* “We’re hoping we can share our perspective with you. Here are our concerns.”
* “Given those concerns, can we change the way we’re doing this/can this be reconsidered/would you be willing to try Y instead?”
* “Thanks for hearing us out.”

You don’t want to use this approach for every concern that comes up at work, of course! In most cases, it will make more sense to talk to your manager one-on-one. But when something is a particularly big deal or affects a lot of people, or when your manager has a tendency to personalize disagreement, this is sometimes the most effective way to go.

how to speak up as a group at work was originally published by Alison Green on Ask a Manager.

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pfctdayelise
23 hours ago
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Melbourne, Australia
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Add “View Image” back to Google Images

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sorry, copyright maximalists, I can’t live without it

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pfctdayelise
1 day ago
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Melbourne, Australia
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DMack
1 day ago
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RIP google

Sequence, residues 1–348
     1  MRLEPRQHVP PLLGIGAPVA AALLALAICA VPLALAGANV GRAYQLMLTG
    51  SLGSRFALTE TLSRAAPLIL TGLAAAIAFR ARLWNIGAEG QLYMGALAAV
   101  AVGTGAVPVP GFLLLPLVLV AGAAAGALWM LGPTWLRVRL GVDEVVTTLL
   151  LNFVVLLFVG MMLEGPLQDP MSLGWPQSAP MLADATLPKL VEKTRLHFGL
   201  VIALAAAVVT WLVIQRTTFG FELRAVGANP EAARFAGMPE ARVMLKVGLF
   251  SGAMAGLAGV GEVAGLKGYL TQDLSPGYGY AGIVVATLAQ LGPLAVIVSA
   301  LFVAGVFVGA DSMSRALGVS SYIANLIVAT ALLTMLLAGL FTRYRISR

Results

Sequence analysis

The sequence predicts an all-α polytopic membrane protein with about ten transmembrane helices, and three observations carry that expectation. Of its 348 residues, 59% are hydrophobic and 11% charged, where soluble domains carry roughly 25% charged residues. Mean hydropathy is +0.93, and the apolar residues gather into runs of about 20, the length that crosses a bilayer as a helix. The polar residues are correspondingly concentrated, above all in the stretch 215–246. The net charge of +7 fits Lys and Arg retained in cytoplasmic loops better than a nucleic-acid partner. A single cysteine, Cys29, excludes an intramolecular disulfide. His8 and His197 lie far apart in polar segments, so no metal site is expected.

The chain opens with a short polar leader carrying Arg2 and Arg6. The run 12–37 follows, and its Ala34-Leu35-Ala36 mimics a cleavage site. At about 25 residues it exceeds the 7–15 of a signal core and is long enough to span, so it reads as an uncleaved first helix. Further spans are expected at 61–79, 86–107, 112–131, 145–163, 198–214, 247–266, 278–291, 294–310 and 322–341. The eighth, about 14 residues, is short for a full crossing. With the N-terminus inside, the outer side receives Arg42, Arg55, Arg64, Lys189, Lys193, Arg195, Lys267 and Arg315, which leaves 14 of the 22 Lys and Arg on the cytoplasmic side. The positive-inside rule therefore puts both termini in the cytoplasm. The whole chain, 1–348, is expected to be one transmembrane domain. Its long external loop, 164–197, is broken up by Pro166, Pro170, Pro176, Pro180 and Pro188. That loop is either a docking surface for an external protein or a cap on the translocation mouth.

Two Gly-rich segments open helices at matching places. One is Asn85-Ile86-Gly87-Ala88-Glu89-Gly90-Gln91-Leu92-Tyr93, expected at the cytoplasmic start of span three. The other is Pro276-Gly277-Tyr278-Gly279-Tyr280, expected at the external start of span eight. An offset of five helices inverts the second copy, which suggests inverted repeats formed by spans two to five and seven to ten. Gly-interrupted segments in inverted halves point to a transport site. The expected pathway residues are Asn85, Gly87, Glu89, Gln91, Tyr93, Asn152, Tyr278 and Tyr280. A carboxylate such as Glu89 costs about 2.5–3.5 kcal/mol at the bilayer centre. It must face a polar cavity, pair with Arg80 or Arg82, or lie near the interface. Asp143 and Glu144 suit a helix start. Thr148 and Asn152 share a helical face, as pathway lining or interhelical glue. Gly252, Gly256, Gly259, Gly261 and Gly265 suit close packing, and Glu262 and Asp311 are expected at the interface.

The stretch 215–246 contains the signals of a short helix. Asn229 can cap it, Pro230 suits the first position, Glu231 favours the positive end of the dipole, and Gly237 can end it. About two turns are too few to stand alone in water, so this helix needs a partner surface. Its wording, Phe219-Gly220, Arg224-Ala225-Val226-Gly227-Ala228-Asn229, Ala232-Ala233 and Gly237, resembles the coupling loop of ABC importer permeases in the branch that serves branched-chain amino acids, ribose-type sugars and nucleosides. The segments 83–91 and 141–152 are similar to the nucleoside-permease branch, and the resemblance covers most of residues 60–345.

Victoria, BC

Buzzfeed profiles the Florida teens working to stop mass shootings

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this is amazing

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pfctdayelise
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Melbourne, Australia
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Everything Easy is Hard Again

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Frank Chimero on resisting complexity in modern web design

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pfctdayelise
10 days ago
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I wonder if I have twenty years of experience making websites, or if it is really five years of experience, repeated four times. 

Melbourne, Australia
digdoug
9 days ago
This is a tremendously useful way to put it.
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jlvanderzwan
8 days ago
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> [It's] worthwhile to develop a solid personal philosophy toward change and learning. Silicon Valley has tried to provide a few of these. All are about speed.

> The most famous comes from Facebook, with their “Move fast and break things” mantra. This phrase has been thrown under the bus enough times by now, but it is interesting that so few are willing to commit to its opposite: “Go slow and fix things.”

Writing performance reviews with positive constructive feedback

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Every 6 months at work, I need to write performance reviews for the people I work with (who are all excellent). I find this really hard! Who am I to review how well someone is doing? I’ve only recently started to feel a little more comfortable writing peer feedback, and what’s helped me is to focus on saying things about the person’s work that are both positive and constructive. My goals in writing a performance review are to write something that will be useful for the person to read, and make sure that the higher-ups reading the review understand why that person’s work is important.

It’s very easy to write positive feedback that isn’t useful – “X is so great!” “I love working with X!” “X is one of the best developers I know!”. But positive feedback can (and should!) be useful. My goal is to write really specific positive feedback explaining exactly what about that person’s work is great.